I welcome the Minister and thank him for staying for the duration of the debate to listen to all the contributions. Senator Paul Bradford said if he were to ask colleagues who believe in the right of Israel to exist to stand up, how many would remain in their seats. I would not only stand to support its right merely to exit, it should be allowed to thrive and flourish – merely existing is not enough. I fear that for too many Palestinians existing is all for which they can hope.
My concerns relate to the fact that a democracy is ignoring human rights laws. We have experienced that in the past in our own country in regard to the British Government and the hooded men, which was exposed in an RTE documentary. When the Irish Government took the British state to the European Court on Human Rights, the British Government was found guilty of torture in the methods it had used but, on appeal, the court found that it was extreme interrogation. We have now been made aware that the British Government withheld files, lied and deceived the court.
The Minister and the Cabinet must now take action because that European Court ruling is being used as justification by democracies around the world for what were known as enhanced interrogation techniques but which we now know was torture. That is the reason, when a state ignores human rights laws, those of us in this House, in this country and around the world should raise their voices. The international law to which I refer is the Geneva Convention signed in 1949, Protocol 1 of which refers to attacks which may be expected to cause incidental loss of life, injury to civilians, damage to civilian objects, or a combination thereof, which could be excessive in regard to the concentration and direct military advantage anticipated.
We can say without fear of contradiction that what happened to the UN school in the past 24 hours does not comply with the Geneva Convention. UN officials – Mr. John Ging and others – have explained that they had given the co-ordinates of that school on 17 different occasions. It was not a mistake or an accident yet, sadly, this country decided to abdicate its responsibility when it came to the resolution. I cannot see anything wrong with a resolution that condemns all violence against civilians, wherever it occurs, including the killing of Israeli civilians. I cannot see anything wrong with a resolution that calls for an end to attacks against all civilians, including Israeli civilians, and for a prompt reconvening of the conference of high parties to the convention with regard to an investigation, yet we abdicated our responsibilities and said there should be an EU response. The EU response is always too little, too late. Its own powers regarding the human rights clauses in the Euro-Mediterranean agreement, which allows Israeli products into the European Union, are not being invoked. It does not require anybody other than the European Union countries to do that, yet it does nothing. Ireland should not wait for the European Union to respond because, as we all know, the citizens of Srebrenica waited for the European Union also.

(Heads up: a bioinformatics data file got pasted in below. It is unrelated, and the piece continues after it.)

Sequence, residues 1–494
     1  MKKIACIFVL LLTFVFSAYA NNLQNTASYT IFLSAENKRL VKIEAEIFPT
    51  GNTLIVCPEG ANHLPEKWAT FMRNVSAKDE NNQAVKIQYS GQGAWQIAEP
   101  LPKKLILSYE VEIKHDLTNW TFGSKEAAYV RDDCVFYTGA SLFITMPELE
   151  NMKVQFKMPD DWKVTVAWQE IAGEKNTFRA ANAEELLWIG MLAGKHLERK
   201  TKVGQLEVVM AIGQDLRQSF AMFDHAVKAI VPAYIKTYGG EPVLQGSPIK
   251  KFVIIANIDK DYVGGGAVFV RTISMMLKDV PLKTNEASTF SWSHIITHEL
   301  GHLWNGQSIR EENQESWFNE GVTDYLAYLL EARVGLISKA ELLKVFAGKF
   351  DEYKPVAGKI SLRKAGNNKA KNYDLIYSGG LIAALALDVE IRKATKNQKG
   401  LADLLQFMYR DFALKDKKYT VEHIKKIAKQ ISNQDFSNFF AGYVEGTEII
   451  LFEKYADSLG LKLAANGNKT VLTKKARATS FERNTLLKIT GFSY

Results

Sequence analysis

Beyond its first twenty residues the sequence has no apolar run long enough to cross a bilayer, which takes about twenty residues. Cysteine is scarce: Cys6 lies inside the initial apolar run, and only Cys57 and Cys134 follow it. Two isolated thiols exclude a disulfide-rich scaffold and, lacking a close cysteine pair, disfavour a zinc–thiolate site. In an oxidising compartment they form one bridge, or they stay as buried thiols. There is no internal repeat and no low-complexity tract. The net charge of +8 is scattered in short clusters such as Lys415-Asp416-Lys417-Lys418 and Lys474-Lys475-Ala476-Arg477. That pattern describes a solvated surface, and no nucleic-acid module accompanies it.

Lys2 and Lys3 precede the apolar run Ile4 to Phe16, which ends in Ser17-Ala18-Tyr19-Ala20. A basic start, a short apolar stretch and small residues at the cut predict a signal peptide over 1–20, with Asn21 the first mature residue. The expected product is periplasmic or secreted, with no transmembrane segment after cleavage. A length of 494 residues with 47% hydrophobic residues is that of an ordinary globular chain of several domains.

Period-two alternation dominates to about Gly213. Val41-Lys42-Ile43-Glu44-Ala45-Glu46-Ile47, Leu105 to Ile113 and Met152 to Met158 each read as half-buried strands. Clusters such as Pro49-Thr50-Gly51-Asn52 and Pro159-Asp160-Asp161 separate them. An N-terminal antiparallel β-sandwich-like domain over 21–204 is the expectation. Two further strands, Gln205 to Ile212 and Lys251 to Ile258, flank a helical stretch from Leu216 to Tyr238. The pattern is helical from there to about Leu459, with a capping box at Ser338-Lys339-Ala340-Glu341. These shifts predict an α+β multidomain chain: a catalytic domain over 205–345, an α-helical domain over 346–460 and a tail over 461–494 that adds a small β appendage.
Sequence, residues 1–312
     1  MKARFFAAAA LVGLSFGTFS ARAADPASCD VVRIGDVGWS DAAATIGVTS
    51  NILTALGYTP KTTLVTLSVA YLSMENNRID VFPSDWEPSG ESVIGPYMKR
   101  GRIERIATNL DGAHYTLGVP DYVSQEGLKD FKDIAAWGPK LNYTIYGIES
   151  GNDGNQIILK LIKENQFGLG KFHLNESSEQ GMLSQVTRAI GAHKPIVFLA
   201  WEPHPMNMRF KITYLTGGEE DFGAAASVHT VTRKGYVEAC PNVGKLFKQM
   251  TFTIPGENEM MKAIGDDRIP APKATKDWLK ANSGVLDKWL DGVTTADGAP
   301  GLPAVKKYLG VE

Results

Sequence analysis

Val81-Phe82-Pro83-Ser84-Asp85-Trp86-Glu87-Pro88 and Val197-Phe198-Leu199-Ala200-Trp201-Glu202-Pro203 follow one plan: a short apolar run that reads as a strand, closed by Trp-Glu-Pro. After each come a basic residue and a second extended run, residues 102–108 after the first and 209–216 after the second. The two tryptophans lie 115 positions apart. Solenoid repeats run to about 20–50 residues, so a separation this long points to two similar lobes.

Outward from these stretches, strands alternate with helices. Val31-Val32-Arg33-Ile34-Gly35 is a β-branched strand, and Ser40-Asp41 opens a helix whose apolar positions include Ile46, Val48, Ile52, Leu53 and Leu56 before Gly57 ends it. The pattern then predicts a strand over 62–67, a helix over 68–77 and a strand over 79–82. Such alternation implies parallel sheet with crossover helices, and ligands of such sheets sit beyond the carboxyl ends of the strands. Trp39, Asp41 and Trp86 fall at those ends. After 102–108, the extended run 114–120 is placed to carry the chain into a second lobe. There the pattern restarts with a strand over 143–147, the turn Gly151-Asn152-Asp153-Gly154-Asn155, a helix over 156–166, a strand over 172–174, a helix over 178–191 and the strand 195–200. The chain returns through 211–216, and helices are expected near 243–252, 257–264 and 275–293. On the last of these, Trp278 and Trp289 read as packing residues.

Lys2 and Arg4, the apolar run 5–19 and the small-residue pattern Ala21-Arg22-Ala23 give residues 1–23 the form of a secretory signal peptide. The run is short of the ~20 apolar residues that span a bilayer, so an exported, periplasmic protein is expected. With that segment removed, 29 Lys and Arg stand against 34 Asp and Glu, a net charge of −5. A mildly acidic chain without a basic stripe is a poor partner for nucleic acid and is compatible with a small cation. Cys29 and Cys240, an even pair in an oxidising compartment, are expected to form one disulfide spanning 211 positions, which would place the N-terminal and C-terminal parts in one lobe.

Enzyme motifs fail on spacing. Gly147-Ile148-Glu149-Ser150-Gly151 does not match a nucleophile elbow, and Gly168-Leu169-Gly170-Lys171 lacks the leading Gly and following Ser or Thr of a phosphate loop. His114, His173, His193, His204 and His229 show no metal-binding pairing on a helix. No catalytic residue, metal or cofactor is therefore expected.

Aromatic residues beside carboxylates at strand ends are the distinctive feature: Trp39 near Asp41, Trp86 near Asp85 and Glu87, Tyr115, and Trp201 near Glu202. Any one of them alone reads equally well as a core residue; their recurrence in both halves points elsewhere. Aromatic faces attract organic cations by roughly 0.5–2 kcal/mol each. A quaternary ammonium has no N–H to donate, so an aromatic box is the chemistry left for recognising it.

I, too, have been in a UN school on the West Bank and have seen the great work it does. I have spoken to the children and explained our own peace process. I told them they had two choices, namely, live in the current calamitous state of continuing violence perpetrated by both sides against each other or wipe out their opponents. I also pointed out to the children of that UN school in Bethlehem that their other choice is the choice we took in Ireland, which was the long, tortuous road of negotiations with our enemy. I asked those children which of them wanted to wipe out all the Israelis, and 48 schoolgirls of 12 years of age put up their hands. That is the problem Israel faces; it is not the rockets from Hamas. They can defeat those rockets but in terms of the next generation, 65% of the population in Gaza are under 16 years of age, schoolgirls have faced rocket attacks and bombardments night after night, and they see television images of children torn apart. Is it any wonder those children put up their hands? Israel does not need defence domes. It needs to understand how it can live with its neighbours.